Raheem Sterling and Alex Oxlade Chamberlain – to name but two young English players – are they under performing because they have the cash and aren’t hungry enough any more asks Julius…
In Britain alone, youth unemployment stands at 20%. Spain’s youngest workers are only half employed. Greece’s 16-24 year olds are 60% unemployed. Raheem Sterling is on £30,000 a week.
I am part of a generation that is unified in a struggle against poor economic conditions. Whilst I have yet to fend for myself, I am at an age where I can appreciate the value of money. I also know how quickly this appreciation could vaporuise in the face of a lucrative salary at such a tender age.
The latest generation of English teenagers is a talented bunch, most would say. Out of teenagers alone you could field a decent squad, including the likes of Butland, Oxlade-Chamberlain and Sterling. But it is of concern to me how players so young make millions so quickly. It cannot be healthy. If you want a chillingly appropriate example, look no further than Michael Johnson. Once touted as a future England captain, the 24 year old is now washed up and without a career. In 2008, he signed a £25,000 a week contract whilst still a teenager, “the world at his feet” in the words of Joey Barton. The pressures of being in the spotlight at such a young age, blended with a bank balance bigger than many local economies, dragged him into footballing anonymity. Whilst this is a complex case tainted with alcoholism as much as anything else the bare bones remain. Rewarding potential rather than achievement was a significant factor in Michael Johnson’s downfall.
Loss of form
Without meaning to be dramatic, a similar path could well be taken by Raheem Sterling. The now-capped winger lit up a dismal Liverpool side with some enigmatic displays, buzzing around the place with a hunger and desire that is so enjoyable to watch. His fearlessness made teams afraid, and all of a sudden the then 17 year old had a valuable bargaining tool. Originally on a £2,000 a week scholar’s deal, professional terms would need to be signed if Sterling was to continue in Liverpool colours. An England cap only strengthened Sterling’s already perilously strong position and the club started to panic. Stories started circling of the two Manchester clubs’ interest, with the likes of Arsenal and Tottenham supposedly waiting in the wings. Whether this was spun by Sterling’s agent or was genuine news is debatable, but nevertheless there was enough uncertainty for the winger to sign a five year, £7.8m deal for his 18th birthday.
And since he signed that contract in December? He’s been practically anonymous. It is basic economy that destroys the legitimacy of communist theory; once the incentive to work has been taken away/satisfied, the performance of an individual is likely to drop as there no longer a reward for exertion. Whilst it is not favourable to comment on the personality of the player himself, handing a teenager £30,000 a week and expecting him to concentrate solely on his profession is like telling a dog to sit and eat his biscuits when a juicy bone is flung his way. The balance between securing the brightest talents for years to come and putting careers in genuine jeopardy is a chord that is rarely struck, if at all.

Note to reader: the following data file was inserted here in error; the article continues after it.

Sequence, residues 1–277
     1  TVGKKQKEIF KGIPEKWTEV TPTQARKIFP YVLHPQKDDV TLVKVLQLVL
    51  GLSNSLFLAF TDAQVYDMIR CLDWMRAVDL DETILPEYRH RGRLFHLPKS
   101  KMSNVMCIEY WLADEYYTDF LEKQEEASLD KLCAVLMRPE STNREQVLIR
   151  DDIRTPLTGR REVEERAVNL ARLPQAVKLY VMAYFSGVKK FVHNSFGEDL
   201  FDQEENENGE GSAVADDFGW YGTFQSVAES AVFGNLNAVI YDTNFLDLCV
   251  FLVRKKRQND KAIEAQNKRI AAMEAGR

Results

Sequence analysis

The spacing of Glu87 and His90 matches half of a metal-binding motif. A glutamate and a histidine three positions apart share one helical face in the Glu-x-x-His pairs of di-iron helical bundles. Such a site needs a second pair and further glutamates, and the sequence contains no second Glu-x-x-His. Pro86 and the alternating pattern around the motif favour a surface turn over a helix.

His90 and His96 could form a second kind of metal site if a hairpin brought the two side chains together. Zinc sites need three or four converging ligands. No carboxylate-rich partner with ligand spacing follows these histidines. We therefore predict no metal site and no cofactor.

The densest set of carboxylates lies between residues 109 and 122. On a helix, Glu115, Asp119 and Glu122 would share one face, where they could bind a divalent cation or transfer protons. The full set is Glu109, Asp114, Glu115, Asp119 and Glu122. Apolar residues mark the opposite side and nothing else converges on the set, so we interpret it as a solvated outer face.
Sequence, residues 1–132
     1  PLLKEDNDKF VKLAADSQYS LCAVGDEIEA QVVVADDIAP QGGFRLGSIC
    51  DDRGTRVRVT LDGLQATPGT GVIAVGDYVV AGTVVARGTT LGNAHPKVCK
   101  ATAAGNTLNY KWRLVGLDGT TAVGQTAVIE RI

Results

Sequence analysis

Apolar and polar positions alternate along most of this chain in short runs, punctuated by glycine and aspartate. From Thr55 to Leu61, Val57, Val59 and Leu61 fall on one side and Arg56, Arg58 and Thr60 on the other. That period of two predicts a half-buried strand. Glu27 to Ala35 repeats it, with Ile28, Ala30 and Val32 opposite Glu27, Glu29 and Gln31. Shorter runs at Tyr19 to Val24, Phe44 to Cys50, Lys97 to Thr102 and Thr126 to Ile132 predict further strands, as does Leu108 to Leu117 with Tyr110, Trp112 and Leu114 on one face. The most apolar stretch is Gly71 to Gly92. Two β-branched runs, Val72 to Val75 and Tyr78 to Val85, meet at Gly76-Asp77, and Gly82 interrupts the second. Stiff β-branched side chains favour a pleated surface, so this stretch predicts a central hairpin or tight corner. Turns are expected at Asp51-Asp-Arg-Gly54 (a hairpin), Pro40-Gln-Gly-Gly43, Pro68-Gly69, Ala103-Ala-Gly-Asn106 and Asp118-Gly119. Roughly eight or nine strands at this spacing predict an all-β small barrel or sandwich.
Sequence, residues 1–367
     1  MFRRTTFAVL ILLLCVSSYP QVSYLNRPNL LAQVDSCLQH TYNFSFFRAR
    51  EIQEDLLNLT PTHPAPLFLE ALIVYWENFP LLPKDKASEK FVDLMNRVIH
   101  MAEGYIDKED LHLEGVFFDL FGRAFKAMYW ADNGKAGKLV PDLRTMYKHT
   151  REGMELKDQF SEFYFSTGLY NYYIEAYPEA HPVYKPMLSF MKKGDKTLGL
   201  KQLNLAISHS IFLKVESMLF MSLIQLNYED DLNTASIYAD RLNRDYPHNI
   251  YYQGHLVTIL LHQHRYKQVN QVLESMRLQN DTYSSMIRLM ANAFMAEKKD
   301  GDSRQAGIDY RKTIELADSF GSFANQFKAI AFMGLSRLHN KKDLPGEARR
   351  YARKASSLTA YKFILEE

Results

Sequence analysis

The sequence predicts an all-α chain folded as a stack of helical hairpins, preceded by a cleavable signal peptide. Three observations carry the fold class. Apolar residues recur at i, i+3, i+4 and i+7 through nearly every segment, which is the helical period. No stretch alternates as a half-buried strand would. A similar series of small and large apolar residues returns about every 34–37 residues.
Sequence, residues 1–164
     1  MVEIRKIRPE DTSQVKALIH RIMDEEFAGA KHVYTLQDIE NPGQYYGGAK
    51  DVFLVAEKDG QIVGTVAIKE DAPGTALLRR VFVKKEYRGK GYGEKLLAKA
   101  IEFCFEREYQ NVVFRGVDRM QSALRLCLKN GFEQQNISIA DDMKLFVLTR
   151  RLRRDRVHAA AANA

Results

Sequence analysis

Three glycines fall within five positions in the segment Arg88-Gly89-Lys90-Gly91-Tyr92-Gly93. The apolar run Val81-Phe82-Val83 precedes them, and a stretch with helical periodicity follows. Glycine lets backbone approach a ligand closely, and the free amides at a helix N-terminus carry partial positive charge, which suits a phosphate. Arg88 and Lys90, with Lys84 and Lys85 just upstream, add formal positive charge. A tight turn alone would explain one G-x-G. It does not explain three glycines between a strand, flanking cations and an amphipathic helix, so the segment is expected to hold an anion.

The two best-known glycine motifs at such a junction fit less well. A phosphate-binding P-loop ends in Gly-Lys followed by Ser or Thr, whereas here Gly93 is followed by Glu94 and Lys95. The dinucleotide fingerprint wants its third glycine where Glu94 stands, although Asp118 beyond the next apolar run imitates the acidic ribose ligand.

What is the root of all this? Agents have a grand role in sorting out contracts, so it could be said that dodgy representatives are a toxic presence in the stunting of many young players’ careers. However, it is hard to fault a person for simply fufilling his or her objectives. It is an agent’s right to fight for the best possible deal for any client, which also secures a lucrative deal for themselves. Maybe it goes deeper than that. In a society as monetised as this one, cash is king.
For many growing up in the worst estates in the most deprived areas, the chance to say “I made it” is ever present in the dreams of many of Britain’s worst off kids. The success of someone’s existence is judged not by the character of the individual, nor is it measured with the importance of being a contributory citizen in mind. Not helped by a get rich quick urban culture, achievement appears to have become what you own as opposed to what you do. This sort of attitude is certainly instilled in the heart of many, and, even if it is realised by few, the lucky ones are at times ungracious in gold. Take Nile Ranger (See above tweeted pic).
It is a perfect example of how money becomes a priority over becoming a good footballer. It’s hard to envisage Ryan Giggs spending his time arranging pieces of paper into a recognisable word. That’s why he is a living legend, and Nile Ranger is not and is unlikely to be so.
It is difficult. As in many industries, regulation would be a big step in ensuring that limitations are there to compliment and harness talent. A cap on the amount a player can earn in his first professional contract would certainly take such a thorny issue out of the hands of agents and clubs, although a restriction on one’s income could be considered an imposition on financial freedom. A way needs to be found of rewarding young players for breaking into the first team but this should not be tainted with the threat of losing your brightest prospects to sides more willing to lavish teenagers with money.
There might not be a clear answer to the overindulgence of teenaged footballers. But cases such as Michael Johnson’s leave many questions.